Elder Speaker issues

William J Poser wjposer at ldc.upenn.edu
Thu Mar 20 06:40:03 UTC 2008

This is a very important issue, which in my experience is virtually
never addressed or even acknowledged, and it isn't restricted to the
elders. Speakers ceased to pass the language on to their children
for a reason, and the factors that motivated them to do this have
not entirely disappeared, even if overt suppression of the language
is no more. Even if effective programs are developed for teaching
the language to children, will the children actually be motivated to
learn it and to use it not only once in a while but in their own homes
with their own children? The fact that minority languages are declining
even in places where there has not been overt suppression, due purely
to the appeal of larger languages like English, means that the
problem is not merely one of overcoming the old forces against the

I don't know the answer to this but have a few suggestions. The first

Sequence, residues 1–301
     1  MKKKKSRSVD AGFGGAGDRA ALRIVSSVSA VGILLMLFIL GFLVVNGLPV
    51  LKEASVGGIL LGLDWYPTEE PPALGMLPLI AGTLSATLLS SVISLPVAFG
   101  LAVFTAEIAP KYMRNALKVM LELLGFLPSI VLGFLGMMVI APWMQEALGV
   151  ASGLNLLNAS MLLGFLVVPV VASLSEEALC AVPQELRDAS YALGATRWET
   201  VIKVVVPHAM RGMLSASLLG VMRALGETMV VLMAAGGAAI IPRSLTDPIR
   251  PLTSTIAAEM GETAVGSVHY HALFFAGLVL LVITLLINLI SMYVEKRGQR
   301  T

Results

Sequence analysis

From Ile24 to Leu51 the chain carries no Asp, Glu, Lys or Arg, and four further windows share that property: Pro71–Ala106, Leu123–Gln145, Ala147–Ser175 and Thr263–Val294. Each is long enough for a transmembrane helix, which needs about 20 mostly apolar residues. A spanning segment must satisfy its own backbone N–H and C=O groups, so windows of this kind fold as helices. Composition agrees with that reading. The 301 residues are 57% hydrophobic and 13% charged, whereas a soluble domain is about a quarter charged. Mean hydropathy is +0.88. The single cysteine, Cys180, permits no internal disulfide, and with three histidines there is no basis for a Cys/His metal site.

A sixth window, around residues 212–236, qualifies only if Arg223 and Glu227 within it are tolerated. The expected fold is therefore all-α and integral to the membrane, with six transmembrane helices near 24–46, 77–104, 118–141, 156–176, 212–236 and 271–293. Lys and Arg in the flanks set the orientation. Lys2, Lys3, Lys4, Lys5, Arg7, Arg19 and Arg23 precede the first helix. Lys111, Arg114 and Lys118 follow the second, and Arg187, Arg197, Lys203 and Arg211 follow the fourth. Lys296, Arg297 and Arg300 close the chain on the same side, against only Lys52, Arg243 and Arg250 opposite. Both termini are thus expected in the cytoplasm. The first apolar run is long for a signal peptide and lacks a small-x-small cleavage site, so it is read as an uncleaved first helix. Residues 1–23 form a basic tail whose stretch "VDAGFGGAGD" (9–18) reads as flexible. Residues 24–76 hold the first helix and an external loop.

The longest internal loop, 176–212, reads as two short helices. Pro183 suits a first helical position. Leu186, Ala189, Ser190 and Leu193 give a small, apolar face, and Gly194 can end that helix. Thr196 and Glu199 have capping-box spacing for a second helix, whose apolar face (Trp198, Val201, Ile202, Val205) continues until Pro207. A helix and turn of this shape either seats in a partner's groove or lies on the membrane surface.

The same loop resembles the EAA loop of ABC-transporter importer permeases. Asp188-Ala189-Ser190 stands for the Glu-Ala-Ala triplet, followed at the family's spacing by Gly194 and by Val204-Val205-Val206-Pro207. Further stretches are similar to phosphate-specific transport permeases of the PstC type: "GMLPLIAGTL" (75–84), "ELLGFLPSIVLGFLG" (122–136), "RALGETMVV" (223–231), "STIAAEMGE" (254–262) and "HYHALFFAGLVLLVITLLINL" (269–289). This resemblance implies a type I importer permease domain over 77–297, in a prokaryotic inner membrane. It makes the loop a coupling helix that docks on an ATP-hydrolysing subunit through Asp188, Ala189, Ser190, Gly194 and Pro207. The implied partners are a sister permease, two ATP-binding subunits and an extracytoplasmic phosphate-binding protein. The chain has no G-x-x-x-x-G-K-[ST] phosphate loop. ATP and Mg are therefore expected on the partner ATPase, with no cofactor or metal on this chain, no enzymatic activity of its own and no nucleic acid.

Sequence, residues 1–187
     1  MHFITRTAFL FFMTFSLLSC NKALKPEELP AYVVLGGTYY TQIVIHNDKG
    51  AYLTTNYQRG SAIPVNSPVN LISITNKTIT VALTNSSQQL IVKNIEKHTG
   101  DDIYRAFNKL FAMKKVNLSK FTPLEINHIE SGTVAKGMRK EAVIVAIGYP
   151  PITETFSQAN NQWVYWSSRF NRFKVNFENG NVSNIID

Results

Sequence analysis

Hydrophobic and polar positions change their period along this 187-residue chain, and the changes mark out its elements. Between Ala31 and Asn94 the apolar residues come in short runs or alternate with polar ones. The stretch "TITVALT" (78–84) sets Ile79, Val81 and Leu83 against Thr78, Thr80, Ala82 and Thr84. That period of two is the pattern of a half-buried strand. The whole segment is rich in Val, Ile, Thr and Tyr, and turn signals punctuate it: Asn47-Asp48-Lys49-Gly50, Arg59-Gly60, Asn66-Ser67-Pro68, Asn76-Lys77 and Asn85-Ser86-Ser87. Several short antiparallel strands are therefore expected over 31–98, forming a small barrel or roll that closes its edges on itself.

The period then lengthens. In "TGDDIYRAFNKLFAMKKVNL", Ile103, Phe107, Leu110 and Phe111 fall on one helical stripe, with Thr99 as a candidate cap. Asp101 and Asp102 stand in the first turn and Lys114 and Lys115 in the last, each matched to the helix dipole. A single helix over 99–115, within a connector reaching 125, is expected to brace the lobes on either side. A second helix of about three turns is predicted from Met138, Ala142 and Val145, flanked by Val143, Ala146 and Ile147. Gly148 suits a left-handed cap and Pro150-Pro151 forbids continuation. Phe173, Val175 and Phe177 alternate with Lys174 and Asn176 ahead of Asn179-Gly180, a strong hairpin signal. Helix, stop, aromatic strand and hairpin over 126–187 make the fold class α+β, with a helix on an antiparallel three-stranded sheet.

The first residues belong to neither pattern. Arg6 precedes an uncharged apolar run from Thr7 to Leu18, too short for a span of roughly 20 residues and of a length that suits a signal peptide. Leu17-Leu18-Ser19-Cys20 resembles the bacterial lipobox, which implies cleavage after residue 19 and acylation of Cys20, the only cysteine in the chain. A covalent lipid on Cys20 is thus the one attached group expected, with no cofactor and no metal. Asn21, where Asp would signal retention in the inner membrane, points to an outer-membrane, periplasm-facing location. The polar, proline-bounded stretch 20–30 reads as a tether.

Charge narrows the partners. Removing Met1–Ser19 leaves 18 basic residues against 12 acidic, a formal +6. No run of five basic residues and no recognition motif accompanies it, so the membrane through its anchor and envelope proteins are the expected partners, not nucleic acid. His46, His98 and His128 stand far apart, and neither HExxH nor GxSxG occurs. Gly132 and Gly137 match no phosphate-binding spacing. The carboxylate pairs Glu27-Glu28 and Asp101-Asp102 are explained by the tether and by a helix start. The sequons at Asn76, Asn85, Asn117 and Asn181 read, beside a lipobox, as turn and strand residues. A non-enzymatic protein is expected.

is that communities need to address this factor. That is, they need to
recognize that it is an issue and discuss what they can do about it.
The second is that they need to acknowledge the full complexity of
the negative forces, that is isn't just the suppression of the language
by the schools in the past but the current problem of larger languages
having greater appeal. The third is that, to some extent, the issues
that people have may be overcome by education. This is relevant to two
aspects that I can think of. One is the viability of bilingualism.
In a great many cases, the reason that parents and grandparents do not
pass the language on is that they believe, correctly, that English or
some other dominant language is the key to a good education and a good job.
This is coupled with the false belief that the kids cannot have both
a good command of English and a good command of their own language.
Education about the societies in which bilingualism and multilingualism
has been the norm and about the psychological studies of bilingualsim
might counteract this.

The other issue on which education might help is the alleged inadequacy
indigenous languages. I suspect that a lot of people have internalized
the belief that their language was primitive, satanic, or at the very
least not adequate for modern purposes. Courses in "language appreciation"
and other means of imparting information about this might help to
overcome this.


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